Material composites manufactured in this manner are used for manufacturing different diapers, incontinence products and sanitary towels. Recently, the size of such products has been reduced in order that they would be as inconspicuous as possible, and as, on the other hand, the object has been to achieve as good an absorption capacity as possible, attempts have been made to solve the problem by increasing the amount of the superabsorbent material. Such products have typically consisted of two material layers, a liquid wicking layer and a liquid absorbing layer. Both layers usually consist of natural fibres or a mixture of natural fibres and binding fibres. In addition, superabsorbent material is usually added to a layer which faces away from the user. A great disadvantage of such products is the fact that the layer which faces the user remains damp, as a result of which a relatively thick liquid-repellent cover stock must be added to the final product in order that the product would feel dry against the skin of the user.

Another disadvantage of such products is the fact that liquid is absorbed rather slowly through the structure due to the porous fibre-like structure, as a result of which only a part of the absorption capacity of a sanitary product is utilized effectively in practice.

SUMMARY OF THE INVENTION

The object of the present invention is to provide a method for manufacturing such an absorbent composite in a sanitary product which has very good surface dryness characteristics, a good liquid wicking and absorbing capacity, and a small size. To achieve this, the method of the invention is characterized in that at least one material layer is dry formed on the absorbing layer, before the absorbing layer is bound by means of heat, from fibres crimping in connection with the binding taking place by means of heat. Preferably, the lower surface of the absorbing layer, before it is bound with heat, is hot calendered with a roll to achieve a desired liquid wicking capacity.

The preferred absorbent composite of the invention is thus produced essentially in such a manner that the absorbent composite comprises material layers for wicking liquid and for absorbing liquid and an extremely porous and soft cover stock, which quickly lets liquids pass through to lower layers by retaining its dryness and separating the damp layers from the user of the product.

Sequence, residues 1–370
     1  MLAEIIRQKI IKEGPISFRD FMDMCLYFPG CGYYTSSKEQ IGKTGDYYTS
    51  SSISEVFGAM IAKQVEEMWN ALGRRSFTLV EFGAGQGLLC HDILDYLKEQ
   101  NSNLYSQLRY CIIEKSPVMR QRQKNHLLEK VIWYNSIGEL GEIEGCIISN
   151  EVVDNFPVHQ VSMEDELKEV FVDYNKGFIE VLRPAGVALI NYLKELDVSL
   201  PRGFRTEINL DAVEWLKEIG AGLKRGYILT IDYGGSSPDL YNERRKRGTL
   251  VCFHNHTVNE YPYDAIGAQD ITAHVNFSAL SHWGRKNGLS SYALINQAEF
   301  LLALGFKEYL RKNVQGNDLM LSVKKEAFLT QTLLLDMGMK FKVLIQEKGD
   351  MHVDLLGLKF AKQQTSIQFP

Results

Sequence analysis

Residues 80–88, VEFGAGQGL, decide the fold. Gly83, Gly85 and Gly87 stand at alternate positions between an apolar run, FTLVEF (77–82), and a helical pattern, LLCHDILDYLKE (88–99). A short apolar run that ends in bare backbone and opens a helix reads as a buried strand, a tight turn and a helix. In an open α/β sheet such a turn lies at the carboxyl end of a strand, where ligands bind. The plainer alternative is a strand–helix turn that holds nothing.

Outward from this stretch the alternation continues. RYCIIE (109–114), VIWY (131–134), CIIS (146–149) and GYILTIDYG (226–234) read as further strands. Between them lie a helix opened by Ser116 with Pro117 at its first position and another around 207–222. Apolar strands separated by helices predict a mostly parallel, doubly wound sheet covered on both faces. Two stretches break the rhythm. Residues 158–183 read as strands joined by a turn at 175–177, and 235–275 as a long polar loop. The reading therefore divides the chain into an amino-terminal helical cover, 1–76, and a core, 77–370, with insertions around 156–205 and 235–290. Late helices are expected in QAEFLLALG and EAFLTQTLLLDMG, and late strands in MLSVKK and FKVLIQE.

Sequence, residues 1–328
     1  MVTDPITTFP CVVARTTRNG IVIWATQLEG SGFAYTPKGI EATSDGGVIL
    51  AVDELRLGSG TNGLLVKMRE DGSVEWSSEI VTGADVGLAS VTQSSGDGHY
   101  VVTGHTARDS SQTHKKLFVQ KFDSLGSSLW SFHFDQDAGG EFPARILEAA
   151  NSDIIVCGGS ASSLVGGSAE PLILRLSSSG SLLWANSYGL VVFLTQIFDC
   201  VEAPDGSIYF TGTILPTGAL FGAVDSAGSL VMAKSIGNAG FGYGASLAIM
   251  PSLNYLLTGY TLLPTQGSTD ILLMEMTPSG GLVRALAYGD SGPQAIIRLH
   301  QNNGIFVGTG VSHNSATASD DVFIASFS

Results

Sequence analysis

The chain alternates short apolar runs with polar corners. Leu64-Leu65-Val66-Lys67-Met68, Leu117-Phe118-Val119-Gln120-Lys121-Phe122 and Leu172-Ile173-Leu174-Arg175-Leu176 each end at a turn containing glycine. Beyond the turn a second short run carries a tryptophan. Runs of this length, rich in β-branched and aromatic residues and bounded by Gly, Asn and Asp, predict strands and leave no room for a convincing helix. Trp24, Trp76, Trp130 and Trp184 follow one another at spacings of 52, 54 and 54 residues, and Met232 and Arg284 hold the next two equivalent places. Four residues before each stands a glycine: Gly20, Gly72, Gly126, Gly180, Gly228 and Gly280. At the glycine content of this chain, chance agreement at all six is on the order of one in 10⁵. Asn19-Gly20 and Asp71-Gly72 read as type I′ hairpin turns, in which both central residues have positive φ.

The absorbent composite of the invention is characterized in that the liquid dispersive material layer is dry formed from fibres crimping by the action of heat, and that the absorbent composite is formed essentially as one layer by the dry forming technique, and the fibres of the absorbing layer and the fibres of the liquid dispersive material layer are bound and the fibres of the liquid dispersive layer are crimped during one heating. The final result is thus an absorbent composite which is extremely absorbent and small in size and which has no particle or other concentrations which would deteriorate mechanical durability.

The other preferred embodiments of the method of the invention are characterized by what is disclosed in the claims presented below. The other embodiments of the absorbent composite in a sanitary product according to the invention are also characterized by what is disclosed in the claims presented below.

BRIEF DESCRIPTION OF THE FIGURES

The method of the invention and the absorbent composite in a sanitary product, manufactured by means thereof, will be described in more detail in the following with reference to the accompanying drawing, in which

FIG. 1 shows a production line for the absorbent composite in a sanitary product according to the invention,

FIGS. 2a-2c show eccentric bicomponent fibres, and

FIG. 3 shows a cross section of the absorbent composite in a sanitary product according to the invention.

DETAILED DESCRIPTION OF THE PREFERRED EMBODIMENTS

FIG. 1 shows a dry forming line, in which a material web 2 is formed on a wire 1 in two stages by means of two formers 3 and 4. The liquid absorbing layer is formed by the former 3 from natural fibres, such as wood fibres, or from a mixture of natural fibres and plastic fibres, and superabsorbent material, and the cover stock is formed by the former 4 from fibres crimping by the action of heat. A mixture of air and fibre is blown into the formers, which extend transversely across the wire over its entire width, this mixture being mixed and screened to form an even material layer onto the wire 1 moving below in accordance with prior art. It is possible to dispose as many formers as the desired thickness of the material web 2 requires, whereby the thickness of the material web is gradually increased by means of formers arranged successively on the same production line until the desired thickness is achieved. The proportion of wood fibres to plastic fibres in material web layers produced by different formers may thus vary.

The wood fibres are preferably relatively long-fibred mechanical or chemical pulp, and the plastic fibres of the liquid absorbing layer may be any suitable heat bindable fibres, for instance bicomponent fibres, the core of which is polypropylene and the coat of which is polyethene.